Mike Freeman wins District 1 Weld County Commissioner race
November 12, 2016
Weld County voters are hanging onto Mike Freeman, the District 1 county commissioner.
The Republican incumbent beat his Democrat contender, Carl Erickson, 66.7 percent to 33.3 percent, according to final unofficial election results.
"I'm very happy to win," Freeman said. "I'm looking forward to the next four years."
He said the board has started many projects, and for at least the next two years, they'll all be together to see them through.
Freeman served as the Board of Weld County Commissioners' chairman this year. He led the meetings that tackled updating the oil and gas-rich county's petroleum pipeline regulations, created the county's first solar regulations and outlined some officials' desire to update the decades-old county charter.
He was first elected to the board in 2012, when we replaced Dave Long, who was term-limited.
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When he announced his candidacy in October, he said his top priorities would be transportation and infrastructure, including the Weld County Road 49 project, which will give residents an alternate highway option south toward Denver. He also plans to increase water storage and protect agriculture, bring sustainable businesses to the area, protect private property and Second Amendment rights and streamline regulations, he wrote in the release.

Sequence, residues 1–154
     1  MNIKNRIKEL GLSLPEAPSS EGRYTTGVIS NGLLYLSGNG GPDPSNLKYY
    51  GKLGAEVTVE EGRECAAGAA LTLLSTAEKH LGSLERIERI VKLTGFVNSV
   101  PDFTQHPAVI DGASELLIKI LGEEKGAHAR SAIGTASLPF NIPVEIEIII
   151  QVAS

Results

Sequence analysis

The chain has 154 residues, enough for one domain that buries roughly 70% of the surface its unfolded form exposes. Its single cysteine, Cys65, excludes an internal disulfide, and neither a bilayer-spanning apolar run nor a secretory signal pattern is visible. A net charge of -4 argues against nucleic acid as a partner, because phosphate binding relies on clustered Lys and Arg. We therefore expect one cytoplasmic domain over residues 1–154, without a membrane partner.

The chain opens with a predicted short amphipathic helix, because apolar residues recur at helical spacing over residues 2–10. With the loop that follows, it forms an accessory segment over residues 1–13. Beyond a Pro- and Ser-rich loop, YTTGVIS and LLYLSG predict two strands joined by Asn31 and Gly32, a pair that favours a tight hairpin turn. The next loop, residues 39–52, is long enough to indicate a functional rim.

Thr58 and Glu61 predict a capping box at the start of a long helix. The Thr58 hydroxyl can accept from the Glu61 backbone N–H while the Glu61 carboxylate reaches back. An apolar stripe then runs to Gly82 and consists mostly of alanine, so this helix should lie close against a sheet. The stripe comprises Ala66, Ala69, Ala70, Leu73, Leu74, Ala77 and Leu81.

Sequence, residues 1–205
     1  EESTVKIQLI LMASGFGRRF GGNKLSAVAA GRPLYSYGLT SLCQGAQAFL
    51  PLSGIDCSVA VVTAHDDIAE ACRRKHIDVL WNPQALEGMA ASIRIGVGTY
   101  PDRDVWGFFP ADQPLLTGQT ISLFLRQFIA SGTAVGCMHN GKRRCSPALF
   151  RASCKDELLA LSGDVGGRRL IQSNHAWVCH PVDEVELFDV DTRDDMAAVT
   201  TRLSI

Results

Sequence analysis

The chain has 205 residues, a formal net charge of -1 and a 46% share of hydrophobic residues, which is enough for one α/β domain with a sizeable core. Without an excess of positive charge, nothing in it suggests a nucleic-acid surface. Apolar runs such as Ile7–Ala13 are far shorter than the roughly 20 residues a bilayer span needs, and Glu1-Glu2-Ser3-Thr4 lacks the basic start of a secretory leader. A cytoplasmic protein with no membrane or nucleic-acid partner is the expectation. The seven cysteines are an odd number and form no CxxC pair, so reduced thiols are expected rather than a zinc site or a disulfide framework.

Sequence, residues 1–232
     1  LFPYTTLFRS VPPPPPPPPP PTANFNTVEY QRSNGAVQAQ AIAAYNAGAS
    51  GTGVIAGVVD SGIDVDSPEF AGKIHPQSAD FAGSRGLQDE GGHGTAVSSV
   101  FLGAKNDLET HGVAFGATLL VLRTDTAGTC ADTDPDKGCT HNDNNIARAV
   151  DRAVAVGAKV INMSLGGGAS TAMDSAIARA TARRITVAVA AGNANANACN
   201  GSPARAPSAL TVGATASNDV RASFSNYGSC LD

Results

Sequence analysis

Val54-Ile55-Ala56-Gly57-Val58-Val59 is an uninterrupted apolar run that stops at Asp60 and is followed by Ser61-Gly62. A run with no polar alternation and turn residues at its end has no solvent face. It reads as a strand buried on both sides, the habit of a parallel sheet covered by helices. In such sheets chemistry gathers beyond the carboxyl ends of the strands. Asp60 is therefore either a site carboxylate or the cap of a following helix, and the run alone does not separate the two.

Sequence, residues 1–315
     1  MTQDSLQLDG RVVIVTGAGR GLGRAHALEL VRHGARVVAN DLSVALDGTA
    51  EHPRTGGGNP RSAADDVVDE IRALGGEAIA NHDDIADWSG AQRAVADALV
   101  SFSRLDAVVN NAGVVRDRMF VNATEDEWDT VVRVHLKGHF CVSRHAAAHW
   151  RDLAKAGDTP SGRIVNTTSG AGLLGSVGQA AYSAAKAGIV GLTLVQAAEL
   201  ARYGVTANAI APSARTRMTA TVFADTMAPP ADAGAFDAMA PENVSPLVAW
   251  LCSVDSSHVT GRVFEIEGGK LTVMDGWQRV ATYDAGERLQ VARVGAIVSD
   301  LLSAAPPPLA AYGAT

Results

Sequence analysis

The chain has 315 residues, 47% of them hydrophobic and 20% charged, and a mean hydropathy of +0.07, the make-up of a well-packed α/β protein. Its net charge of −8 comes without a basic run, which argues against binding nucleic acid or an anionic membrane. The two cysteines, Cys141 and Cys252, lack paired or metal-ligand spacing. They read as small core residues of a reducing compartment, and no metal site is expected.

Erickson is the chairman of Weld Air and Water, an environmental activist organization that combats many oil and gas projects.
He criticized current leaders for a lack of transparency and interaction with fellow residents.
Freeman supports a somewhat controversial storage project called Northern Integrated Supply Project. It would take water from the Poudre River and store it in two reservoirs — one in Weld County and one in Larimer.
Erickson is against NISP because of its location, specifically the reservoir that would sit northwest of Fort Collins. Other than Fort Collins-Loveland Water District and the part of Windsor that stretches over the border, Larimer residents won't use the water.
"That is not the best way to get friendly with our neighboring counties," he said.
Freeman will remain on the board for four more years.